Why use a mental health counselor?
Mental health counselors provide flexible, consumer-oriented therapy. They combine traditional psychotherapy with a practical, problem-solving approach that creates a dynamic and efficient path for personal change and problem resolution.
Mental health counseling is a distinct profession, licensed in 50 states, the District of Columbia and Puerto Rico, with national standards for education, training and clinical practice. Mental health counselors are uniquely qualified to provide high quality care at very cost-effective rates.
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- According to the report, "Mental Health, United States, 2004" published by the U.S. Department of Health and Human Service's (HHS) Substance Abuse and Mental Health Services Administration (SAMHSA), more than 100,500 mental health counselors are licensed or certified for independent practice in the United States.
- The median cost per session for mental health counselors is $63, compared to a median cost of $75 for psychologists, and $60 for clinical social workers and marriage and family therapists, according to a January 2006 study by Psychotherapy Finances.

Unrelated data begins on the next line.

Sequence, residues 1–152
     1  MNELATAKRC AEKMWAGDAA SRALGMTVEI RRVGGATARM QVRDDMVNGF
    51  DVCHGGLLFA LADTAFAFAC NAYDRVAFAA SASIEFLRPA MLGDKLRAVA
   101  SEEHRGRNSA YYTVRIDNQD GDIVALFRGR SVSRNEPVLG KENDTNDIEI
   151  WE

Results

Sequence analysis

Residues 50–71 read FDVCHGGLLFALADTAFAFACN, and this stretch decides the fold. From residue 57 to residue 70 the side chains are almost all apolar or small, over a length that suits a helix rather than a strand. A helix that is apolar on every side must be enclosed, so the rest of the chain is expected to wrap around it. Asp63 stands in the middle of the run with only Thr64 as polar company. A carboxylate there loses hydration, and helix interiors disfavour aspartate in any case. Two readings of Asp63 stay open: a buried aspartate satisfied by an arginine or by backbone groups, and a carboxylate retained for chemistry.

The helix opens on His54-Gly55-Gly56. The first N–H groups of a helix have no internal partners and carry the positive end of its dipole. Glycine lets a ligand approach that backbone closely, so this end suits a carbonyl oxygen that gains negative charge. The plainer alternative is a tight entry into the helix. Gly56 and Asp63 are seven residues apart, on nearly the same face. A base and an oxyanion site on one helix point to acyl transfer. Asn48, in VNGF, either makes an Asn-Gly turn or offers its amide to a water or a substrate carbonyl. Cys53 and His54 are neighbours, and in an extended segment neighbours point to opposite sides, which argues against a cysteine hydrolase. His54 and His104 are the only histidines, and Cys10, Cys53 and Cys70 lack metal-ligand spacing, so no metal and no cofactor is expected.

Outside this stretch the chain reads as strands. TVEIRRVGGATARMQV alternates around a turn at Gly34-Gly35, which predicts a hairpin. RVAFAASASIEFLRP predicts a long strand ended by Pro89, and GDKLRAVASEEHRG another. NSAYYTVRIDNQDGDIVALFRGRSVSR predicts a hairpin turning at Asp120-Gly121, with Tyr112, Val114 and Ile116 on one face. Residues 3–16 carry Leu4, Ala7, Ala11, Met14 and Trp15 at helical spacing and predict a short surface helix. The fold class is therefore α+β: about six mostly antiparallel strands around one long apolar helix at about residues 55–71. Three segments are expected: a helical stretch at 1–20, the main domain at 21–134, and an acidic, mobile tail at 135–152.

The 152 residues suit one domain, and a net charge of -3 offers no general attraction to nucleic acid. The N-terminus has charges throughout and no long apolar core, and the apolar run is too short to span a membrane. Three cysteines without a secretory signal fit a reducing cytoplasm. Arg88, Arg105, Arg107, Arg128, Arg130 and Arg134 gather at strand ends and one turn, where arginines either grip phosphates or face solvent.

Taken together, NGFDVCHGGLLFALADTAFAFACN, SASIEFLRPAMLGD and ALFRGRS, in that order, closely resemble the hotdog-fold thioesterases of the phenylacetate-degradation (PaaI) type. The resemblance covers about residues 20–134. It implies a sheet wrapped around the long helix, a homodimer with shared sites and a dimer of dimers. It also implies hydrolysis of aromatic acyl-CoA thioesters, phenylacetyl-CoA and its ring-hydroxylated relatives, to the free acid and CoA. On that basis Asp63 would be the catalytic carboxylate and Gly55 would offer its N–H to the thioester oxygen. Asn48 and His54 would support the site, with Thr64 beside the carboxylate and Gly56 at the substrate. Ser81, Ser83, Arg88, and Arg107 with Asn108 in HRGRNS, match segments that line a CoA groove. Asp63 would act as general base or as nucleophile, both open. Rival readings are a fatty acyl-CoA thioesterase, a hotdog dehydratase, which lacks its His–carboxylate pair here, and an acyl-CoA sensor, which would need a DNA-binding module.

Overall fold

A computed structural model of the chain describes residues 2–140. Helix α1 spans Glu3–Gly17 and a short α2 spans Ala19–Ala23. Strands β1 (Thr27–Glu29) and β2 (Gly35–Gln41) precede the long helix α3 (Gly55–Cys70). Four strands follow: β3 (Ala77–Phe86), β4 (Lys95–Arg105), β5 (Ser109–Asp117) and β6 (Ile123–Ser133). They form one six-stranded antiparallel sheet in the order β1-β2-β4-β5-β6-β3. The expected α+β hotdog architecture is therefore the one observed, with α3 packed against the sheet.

- Mental health counselors adhere to a rigorous code of ethics.
Mental health counselors are highly skilled professionals who provide a full range of services including:
- Assessment and diagnosis
- Treatment planning and utilization review
- Brief and solution-focused therapy
- Alcoholism and substance abuse treatment
- Psychoeducational and prevention programs
- Crisis management
A licensed mental health counselor has met or exceeded the following professional qualifications:
- Earned a master's degree in counseling or a closely related mental health discipline;
- Completed a minimum of two years post master's clinical work under the supervision of a licensed or certified mental health professional; and
- Passed a state-developed or national licensure or certification examination.
- Licensure requirements for mental health counselors are equivalent to those for clinical social workers and marriage and family therapists
Mental Health Counseling Practice settings:
- independent practice
- community agencies
- managed behavioral health care organizations
- integrated delivery systems
- employee assistance programs
- substance abuse treatment centers